There are lots of radical changes that could be made in the law and politics that would not involve any constitutional change, and likewise, there are many constitutional changes that are trivial in terms of their impact.
Ireland recently narrowly defeated a referendum to abolish the upper house in its legislature. Institutionally, it was a big change. But, in terms of practical impact on the average Irishman, it was a low salience matter that was almost irrelevant.
In the United States, a moderate legislative tweak to the Posse Comitatus Act (18 U.S.C. Section 1385), could profoundly change the very nature of American political life by giving the (highly politically popular) active duty military a greater role in law enforcement, via a mere act of Congress. Few bills are better examples of the "unwritten constitution" component of the American constitutional order in a broad sense.
Some principles of law that are time honored and the focus of immense law school study and litigation consideration, like the parole evidence rule of contract law, turn out to have negligible impact on the day to day functioning of the legal system in places like Israel that have abolished it.
This isn't to say that the content of the U.S. Constitution, substantive laws or national policies don't matter. You need only look at the often vast differences between life on opposite sides of international borders such as the U.S.-Mexico border, or the Germany-France border to see that this is the case. But, the pressure points of policies that matter aren't at all obvious and are frequently not very accurately know by even academic experts who often lean heavily on conventional wisdom and institutional myth and logical reasoning, rather than empirical reality in making their assessments. Practitioners, lobbyists, middle managers in bureaucracies that implement these policies, and small business people who deal with these laws personally on a day to day basis tend to be much better informed about what would really matter and what would not.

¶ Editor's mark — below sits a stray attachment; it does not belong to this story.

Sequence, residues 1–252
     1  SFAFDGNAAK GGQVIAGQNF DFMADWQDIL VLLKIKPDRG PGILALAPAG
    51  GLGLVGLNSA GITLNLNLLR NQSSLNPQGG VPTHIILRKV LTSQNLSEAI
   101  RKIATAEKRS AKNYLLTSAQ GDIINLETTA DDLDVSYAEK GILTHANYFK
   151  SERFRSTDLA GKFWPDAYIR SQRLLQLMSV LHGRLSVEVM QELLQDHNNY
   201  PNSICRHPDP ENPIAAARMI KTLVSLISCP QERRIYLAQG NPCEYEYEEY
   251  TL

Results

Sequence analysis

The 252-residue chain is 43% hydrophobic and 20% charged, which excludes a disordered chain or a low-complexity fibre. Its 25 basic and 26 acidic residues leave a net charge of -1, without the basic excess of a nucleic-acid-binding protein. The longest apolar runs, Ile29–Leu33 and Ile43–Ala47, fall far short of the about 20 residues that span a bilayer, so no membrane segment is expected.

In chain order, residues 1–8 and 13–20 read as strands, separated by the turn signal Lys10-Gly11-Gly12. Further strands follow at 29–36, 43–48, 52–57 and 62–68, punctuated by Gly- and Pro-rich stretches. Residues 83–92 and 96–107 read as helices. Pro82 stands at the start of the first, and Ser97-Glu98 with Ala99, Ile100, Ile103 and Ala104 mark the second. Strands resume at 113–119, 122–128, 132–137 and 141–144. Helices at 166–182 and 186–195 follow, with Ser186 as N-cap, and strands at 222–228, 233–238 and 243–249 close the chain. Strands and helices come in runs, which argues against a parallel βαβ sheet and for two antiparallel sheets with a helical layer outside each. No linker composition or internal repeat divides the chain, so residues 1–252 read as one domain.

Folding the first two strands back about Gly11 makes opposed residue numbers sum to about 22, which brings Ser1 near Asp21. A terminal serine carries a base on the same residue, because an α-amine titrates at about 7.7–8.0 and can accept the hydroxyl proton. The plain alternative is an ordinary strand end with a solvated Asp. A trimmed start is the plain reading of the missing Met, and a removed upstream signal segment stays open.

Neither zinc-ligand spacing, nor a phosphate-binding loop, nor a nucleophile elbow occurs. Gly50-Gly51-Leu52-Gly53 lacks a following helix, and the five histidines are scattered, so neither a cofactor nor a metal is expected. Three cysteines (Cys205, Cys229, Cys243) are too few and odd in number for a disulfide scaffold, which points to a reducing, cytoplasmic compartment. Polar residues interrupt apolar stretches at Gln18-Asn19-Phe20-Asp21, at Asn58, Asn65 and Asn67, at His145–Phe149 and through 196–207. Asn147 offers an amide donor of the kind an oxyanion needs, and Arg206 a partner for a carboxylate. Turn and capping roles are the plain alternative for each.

There are also tipping points. Take election law. A lot of election law and process details have only incremental impact, any of which can determine the outcome of a close election. And, the basis constitutional election structure mostly influences how many political parties will have elected representatives and the likelihood that coalition government will be necessary. But, pretty much any system that makes it easier and more reliable for an opposition to organize an election campaign to oust the current regime than engaging in an armed insurgency or carrying out a coup in cases that aren't close is enough to meet the basic requirements of democratic government.
If one is to really have a good practical ability to shape policy, figuring out where the pressure points are and which are most malleable is the name of the game.